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Monday, April 19, 2010

Youth soccer players too often act like the pros

Soccer is a sport that seems to engender on-field reactions that you don’t typically see in other sports.

Diving, for one—though those of us familiar with hockey know it can happen on the ice, too.

But it’s more in the overt demonstrative displays that separate the sport from most others. It was interesting to note in a recent hockey broadcast that the commentators made a point of referencing a very slight gesture by Toronto Maple Leaf forward Phil Kessel. Kessel had passed the puck to a teammate, and when his line-mate also passed the puck rather than take a clear shot on goal, Kessel reacted with a gesture that clearly showed he felt his colleague should have taken a shot instead of passed.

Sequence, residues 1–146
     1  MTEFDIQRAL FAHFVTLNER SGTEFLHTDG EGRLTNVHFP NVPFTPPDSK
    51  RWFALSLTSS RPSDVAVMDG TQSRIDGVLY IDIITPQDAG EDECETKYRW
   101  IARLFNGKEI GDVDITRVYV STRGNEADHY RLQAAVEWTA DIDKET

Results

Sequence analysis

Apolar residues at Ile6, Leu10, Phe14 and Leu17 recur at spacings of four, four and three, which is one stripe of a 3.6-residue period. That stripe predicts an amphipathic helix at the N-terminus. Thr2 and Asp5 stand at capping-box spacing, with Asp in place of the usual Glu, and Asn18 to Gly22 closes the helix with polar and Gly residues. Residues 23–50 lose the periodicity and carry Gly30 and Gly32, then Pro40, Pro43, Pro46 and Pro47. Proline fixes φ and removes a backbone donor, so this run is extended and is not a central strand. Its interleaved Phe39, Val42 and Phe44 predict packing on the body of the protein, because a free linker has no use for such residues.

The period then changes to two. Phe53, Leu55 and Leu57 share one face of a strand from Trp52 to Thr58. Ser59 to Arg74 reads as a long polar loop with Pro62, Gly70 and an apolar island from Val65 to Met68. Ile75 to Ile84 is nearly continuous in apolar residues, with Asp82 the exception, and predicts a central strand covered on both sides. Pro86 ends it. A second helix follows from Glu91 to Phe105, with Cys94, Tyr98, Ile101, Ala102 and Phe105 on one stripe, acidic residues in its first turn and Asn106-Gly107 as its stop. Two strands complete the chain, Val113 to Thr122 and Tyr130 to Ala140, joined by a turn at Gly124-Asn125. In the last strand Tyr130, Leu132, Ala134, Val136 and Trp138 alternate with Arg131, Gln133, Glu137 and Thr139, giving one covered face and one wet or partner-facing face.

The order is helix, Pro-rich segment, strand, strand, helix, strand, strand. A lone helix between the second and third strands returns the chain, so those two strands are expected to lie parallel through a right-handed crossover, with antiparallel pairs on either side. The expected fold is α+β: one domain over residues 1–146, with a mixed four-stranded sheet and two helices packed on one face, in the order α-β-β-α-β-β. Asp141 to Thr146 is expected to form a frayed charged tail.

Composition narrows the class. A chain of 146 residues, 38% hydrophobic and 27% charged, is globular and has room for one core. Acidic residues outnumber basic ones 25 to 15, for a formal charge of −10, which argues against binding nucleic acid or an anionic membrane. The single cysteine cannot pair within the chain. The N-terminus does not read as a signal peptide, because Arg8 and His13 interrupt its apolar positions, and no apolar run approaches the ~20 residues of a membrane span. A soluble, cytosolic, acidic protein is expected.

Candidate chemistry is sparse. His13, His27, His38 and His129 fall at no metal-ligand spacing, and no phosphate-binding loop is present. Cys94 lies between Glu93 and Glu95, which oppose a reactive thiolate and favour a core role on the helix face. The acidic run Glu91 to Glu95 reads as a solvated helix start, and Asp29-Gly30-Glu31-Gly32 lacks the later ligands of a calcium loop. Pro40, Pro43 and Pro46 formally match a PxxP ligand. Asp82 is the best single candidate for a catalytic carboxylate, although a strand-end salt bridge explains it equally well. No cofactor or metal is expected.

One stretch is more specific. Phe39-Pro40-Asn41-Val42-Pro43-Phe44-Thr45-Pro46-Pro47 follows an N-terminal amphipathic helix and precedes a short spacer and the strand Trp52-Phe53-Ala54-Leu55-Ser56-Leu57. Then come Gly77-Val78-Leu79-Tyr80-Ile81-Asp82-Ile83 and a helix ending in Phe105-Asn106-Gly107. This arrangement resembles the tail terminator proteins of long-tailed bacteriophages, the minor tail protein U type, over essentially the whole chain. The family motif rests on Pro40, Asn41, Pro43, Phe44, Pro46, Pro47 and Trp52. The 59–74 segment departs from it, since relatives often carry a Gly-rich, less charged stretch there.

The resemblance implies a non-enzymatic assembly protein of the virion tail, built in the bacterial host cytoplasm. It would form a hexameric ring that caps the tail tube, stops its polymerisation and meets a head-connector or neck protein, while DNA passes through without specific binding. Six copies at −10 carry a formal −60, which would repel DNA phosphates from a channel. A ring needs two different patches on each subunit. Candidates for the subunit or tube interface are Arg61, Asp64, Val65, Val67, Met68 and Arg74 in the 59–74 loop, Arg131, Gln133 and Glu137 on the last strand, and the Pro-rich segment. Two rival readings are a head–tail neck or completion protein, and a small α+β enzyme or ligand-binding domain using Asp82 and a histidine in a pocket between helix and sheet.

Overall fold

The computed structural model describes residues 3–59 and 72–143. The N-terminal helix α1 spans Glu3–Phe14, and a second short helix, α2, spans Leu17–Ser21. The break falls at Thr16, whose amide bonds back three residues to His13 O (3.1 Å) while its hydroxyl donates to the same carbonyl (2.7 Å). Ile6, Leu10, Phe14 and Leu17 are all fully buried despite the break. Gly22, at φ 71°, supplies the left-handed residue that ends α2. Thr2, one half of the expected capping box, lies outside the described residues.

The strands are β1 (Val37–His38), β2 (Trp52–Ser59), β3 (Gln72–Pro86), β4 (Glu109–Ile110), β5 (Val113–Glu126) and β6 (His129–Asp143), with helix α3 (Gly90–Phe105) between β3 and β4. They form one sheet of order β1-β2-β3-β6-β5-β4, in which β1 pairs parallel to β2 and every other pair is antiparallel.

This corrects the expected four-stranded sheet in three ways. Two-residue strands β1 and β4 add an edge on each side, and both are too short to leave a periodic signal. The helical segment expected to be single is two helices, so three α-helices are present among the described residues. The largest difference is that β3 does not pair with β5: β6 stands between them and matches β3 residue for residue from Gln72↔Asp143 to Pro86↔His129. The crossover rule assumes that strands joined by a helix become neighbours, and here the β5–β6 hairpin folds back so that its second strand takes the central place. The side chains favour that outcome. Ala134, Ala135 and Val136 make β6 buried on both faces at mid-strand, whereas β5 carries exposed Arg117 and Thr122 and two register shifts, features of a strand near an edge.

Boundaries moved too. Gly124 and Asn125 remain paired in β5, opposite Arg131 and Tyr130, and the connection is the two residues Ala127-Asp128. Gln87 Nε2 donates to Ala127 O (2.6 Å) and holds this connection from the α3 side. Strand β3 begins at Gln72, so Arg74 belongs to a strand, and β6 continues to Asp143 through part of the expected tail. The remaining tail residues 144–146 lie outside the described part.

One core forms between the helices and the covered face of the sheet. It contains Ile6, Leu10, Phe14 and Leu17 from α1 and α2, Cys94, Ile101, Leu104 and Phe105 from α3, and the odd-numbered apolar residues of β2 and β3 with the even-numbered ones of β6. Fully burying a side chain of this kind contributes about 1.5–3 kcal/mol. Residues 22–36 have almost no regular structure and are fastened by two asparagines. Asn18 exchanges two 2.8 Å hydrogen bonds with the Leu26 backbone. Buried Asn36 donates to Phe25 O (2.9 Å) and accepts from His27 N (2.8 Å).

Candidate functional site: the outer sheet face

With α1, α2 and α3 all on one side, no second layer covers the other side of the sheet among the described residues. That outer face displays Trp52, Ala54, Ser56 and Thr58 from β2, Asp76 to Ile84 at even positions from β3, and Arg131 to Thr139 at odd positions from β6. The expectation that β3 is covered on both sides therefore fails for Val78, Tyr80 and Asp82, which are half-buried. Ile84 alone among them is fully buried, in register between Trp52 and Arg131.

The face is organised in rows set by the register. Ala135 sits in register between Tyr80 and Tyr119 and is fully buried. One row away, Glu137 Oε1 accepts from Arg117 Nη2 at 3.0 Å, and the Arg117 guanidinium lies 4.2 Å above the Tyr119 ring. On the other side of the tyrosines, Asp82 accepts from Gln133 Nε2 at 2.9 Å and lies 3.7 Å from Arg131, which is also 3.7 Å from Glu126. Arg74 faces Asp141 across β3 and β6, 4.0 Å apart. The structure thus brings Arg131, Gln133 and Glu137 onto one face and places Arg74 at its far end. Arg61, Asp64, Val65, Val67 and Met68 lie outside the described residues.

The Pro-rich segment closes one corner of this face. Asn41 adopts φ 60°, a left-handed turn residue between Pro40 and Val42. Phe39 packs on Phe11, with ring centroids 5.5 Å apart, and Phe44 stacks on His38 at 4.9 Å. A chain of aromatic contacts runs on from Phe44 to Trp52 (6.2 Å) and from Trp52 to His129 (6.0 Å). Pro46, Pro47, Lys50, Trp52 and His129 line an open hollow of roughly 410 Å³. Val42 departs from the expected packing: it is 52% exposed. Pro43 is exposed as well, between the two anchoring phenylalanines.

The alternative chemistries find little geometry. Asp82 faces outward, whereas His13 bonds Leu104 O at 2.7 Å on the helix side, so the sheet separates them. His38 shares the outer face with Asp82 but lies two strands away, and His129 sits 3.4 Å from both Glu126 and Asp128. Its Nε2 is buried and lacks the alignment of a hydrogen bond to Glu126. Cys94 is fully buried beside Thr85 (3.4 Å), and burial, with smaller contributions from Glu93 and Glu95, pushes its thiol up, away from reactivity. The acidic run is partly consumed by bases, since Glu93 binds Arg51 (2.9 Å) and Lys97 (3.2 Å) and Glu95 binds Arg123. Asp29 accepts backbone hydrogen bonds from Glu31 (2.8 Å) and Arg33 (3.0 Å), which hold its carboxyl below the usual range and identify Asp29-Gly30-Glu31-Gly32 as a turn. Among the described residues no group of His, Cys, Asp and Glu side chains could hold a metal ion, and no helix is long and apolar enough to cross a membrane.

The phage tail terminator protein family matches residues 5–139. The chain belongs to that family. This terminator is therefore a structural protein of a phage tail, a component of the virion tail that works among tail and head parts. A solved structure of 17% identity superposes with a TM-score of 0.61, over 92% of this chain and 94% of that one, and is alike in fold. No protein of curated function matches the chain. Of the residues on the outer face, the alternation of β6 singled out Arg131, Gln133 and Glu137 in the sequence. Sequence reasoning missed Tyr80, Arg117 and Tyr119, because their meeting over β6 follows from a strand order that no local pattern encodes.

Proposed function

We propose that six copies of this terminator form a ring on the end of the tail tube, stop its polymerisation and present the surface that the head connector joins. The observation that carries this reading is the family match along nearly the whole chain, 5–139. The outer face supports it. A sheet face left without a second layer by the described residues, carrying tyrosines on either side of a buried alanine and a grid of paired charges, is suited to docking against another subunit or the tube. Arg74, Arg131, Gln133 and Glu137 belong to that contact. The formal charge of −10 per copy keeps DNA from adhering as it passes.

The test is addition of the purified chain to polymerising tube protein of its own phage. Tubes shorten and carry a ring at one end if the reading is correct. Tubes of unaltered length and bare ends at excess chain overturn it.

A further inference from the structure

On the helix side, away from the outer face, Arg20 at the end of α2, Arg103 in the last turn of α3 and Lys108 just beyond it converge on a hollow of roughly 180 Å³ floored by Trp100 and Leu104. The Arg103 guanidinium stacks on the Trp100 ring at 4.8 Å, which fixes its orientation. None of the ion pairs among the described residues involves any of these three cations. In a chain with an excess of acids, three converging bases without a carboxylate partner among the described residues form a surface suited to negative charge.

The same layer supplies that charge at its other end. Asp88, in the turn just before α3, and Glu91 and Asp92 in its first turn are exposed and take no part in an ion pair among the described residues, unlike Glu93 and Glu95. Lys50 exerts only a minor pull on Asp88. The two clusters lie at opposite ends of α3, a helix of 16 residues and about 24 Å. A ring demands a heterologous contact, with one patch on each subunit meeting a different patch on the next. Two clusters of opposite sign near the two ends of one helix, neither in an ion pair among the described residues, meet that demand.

Again, this was a very subtle reaction, not likely picked up by most spectators- only by the TV cameras on the replay.

That kind of action—magnified several times—is, sadly, commonplace in soccer, the “beautiful” game which would be much more beautiful without certain kinds of displays.

This includes:

all-too-frequent arguing by players on-field over virtually every call by the referee

 young players with their hands up in the air disputing those calls

 players overtly showing their displeasure when a teammate makes what they consider to be a bad pass

 the aforementioned intentional diving, trying to deceive the referee

Other than the diving (and even then it is comparably infrequent), you rarely if ever see this kind of bickering between teammates in hockey, where the “code” of in-game behaviour seems quite different.

Visit any local soccer pitch. There are too many young soccer players who yap at the referees, point out their teammates’ errors and sometimes even yell at parents on the sideline.

I’m not sure when all this behaviour started, but youth coaches have a responsibility to not only teach and demonstrate the soccer skills necessary to compete, enjoy and succeed in the sport. They—and we parents—bear a responsibility to teach appropriate on-field behaviour to youngsters who emulate the “pros”—regardless of how poorly the pros act.